- June 17, 2008
- Posted by: EARSC
- Category: EARSC News
Last year, the EU, in collaboration with the European Space Agency (ESA), launched the European Space Policy (ESP). “Without the ESP, Europe could become irrelevant [in the space sector],” Commission Vice-President Günter Verheugen, responsible for Enterprise and Industry, cautioned at the launch.
The ESP affects a wide range of policy areas, including telecommunications, research and innovation, enterprise, the environment, security, and more. In fact, it is safe to say that space, despite its out-of-this world reputation, is very much a down-to-earth pursuit. Global Monitoring for Environment and Security (GMES) and the Galileo satellite navigation system are currently the policy’s two main pillars.
Eye in the sky
Half a century ago, in 1958, SCORE, the first communications satellite, was launched. In the 50 years since then, satellite telecommunications has become the most economically and socially significant space application, one which intimately affects our daily lives: modern telecommunications services, weather forecasting, earth observation, air travel, shipping, the media, the internet, global positioning, telemedicine, tele-education and video conferencing.
Over the past three decades, Europe has developed a leading position in the civilian satellite sector, deriving over half the European space sector’s revenues from the global satellite communications market.
Earth observation and monitoring are among the most crucial functions made possible by satellites. The most obvious and well-known use of observation technology is for weather forecasting, where satellites and weather stations collect data which is then interpreted by sophisticated computer modelling technology to produce a usually accurate forecast.
In order to function effectively, all the multitude of complex components in earth observation and monitoring systems need to be able to function together as a harmonious whole.
Launched in 1998 as a joint EU-ESA programme, the GMES initiative seeks to provide the seamless and invisible link between all the divergent space-based and terrestrial technologies in order to maximise the value of earth observation for society and the economy.
“This major collaborative initiative focuses on promoting research and innovation in order to develop downstream environmental, security and economic services,” explains Mats Ljungqvist, the scientific officer responsible for emergency core services at the Enterprise and Industry DG.
The overarching objective of GMES services is to help improve the environmental safety and overall security of European citizens and the European economy, as well as supporting the implementation of many other EU policies. GMES monitors the state of the environment and its short, medium and long-term evolution to support policy decisions. It is also the European contribution to the worldwide Global Earth Observation System of Systems (GEOSS) initiative.
Prepared for the worst… and the best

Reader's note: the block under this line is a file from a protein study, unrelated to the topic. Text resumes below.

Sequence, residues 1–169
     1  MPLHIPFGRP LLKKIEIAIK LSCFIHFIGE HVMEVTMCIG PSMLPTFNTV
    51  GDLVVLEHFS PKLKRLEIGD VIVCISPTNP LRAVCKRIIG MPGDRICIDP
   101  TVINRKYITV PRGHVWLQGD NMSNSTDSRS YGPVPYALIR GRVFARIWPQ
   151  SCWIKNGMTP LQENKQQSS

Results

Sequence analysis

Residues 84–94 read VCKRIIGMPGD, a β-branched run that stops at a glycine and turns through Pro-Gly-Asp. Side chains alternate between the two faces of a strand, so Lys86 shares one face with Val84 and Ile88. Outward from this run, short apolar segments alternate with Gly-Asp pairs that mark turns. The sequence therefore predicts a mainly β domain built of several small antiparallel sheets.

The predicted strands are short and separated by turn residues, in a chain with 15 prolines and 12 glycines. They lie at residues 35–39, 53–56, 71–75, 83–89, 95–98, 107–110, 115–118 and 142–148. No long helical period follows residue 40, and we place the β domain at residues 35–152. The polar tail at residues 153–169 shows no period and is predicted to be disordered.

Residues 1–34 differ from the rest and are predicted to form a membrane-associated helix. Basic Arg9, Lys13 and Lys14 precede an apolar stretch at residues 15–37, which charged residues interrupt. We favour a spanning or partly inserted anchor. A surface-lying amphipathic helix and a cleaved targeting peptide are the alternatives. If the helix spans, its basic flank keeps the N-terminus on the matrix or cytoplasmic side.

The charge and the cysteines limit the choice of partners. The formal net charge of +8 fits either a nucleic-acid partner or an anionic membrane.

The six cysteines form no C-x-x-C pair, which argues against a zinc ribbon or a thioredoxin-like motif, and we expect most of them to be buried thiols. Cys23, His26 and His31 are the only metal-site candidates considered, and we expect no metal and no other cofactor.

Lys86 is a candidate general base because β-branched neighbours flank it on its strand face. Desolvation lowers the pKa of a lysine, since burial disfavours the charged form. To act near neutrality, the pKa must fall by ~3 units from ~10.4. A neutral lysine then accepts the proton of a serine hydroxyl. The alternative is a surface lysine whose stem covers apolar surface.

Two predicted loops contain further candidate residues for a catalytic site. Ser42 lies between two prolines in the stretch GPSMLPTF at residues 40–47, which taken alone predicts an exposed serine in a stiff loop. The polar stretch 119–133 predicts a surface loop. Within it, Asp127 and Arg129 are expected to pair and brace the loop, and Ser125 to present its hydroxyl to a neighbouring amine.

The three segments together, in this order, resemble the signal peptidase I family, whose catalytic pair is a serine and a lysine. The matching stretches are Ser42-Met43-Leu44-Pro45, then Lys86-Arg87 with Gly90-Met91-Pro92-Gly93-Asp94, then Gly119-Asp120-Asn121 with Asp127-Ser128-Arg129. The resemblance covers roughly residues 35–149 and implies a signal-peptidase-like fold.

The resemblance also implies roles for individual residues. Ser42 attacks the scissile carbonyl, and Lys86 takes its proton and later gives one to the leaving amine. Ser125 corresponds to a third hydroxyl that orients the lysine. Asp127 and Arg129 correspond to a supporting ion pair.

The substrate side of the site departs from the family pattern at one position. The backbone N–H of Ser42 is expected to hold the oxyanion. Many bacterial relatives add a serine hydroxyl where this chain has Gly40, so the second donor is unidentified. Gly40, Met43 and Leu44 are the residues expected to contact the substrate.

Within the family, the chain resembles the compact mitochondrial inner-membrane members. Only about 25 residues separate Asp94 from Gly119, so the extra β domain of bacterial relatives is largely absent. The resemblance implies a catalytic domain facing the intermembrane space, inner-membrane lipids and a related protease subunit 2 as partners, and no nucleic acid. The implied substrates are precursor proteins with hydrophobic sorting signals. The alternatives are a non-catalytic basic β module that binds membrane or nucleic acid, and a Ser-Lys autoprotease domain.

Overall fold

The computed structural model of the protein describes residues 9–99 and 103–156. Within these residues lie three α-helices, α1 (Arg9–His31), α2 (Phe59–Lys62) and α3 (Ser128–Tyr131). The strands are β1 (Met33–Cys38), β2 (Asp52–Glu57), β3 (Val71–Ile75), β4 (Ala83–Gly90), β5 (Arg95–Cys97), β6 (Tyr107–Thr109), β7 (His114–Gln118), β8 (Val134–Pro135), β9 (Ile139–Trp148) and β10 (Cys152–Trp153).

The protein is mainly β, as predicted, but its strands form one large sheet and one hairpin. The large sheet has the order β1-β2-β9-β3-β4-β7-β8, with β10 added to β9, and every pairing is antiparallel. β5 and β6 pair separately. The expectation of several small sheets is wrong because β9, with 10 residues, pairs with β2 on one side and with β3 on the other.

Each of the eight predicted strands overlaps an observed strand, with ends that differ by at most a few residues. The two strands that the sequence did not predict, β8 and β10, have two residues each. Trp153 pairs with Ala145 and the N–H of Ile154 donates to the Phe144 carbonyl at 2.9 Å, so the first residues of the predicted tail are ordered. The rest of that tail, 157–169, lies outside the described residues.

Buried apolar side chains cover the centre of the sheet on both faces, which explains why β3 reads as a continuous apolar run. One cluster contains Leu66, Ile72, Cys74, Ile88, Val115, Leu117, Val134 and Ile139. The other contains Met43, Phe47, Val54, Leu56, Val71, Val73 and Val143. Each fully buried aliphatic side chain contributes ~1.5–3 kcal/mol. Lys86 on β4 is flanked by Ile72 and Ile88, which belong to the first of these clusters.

GMES’s possibilities are extensive. “There is potentially a very wide range of downstream applications,” points out Ljungqvist.
The applications GMES delivers fall into three main categories: mapping, support and forecasting. Mapping covers road maps, topography, land-use patterns, risk maps for floods and forest fires, etc. Forecasting covers not only weather, but air pollution levels in cities, and the quality of marine waters.
GMES also seeks to support emergency responses to natural and human-induced disasters. An inkling of this potential was seen following the tsunami of 2004 when satellite images helped direct the relief effort.
Preview of things to come
A generation of GMES activities funded by the ESA and by the EU’s Sixth Framework Programme (FP6, 2002-06) is currently coming to an end, notes Ljungqvist. One example of this is the Union-funded PREVIEW project which has sought to develop new or enhanced information services for risk management to serve regional, national and European civil protection units.
PREVIEW has drawn on cutting-edge R&D to develop systems to help prevent, anticipate and manage different types of disasters, such as floods, forest fires, windstorms, earthquakes, landslides and man-made disasters. “PREVIEW is an important building block of the GMES initiative and complements EU space policy in general,” observes David Hello, the project’s coordinator.
The project has focused on a number of priority areas, including new early-warning systems to better anticipate short-term risk connected to floods, landslides and other phenomenon; crisis-support services, such as fire monitoring, to allow more effective rescue operations; and the development of ‘risk maps’ for different types of hazards so as to improve prevention and preparedness measures. PREVIEW has also developed two models simulating an earthquake followed by a tsunami in the Mediterranean Sea as part of efforts to forge a Euro-Med civil protection system.
“[PREVIEW] is an important step towards developing operational GMES systems for emergency responses,” notes Hello. “Our new project, Safer, will use PREVIEW’s results to develop core emergency response services,” he said.
Under FP7 (2007-13), space is a research priority under the Co-operation programme. More than four-fifths of the €1.4 billion allocated for space will go to support the GMES initiative.
To learn more about specific space-related projects funded by the EU, check here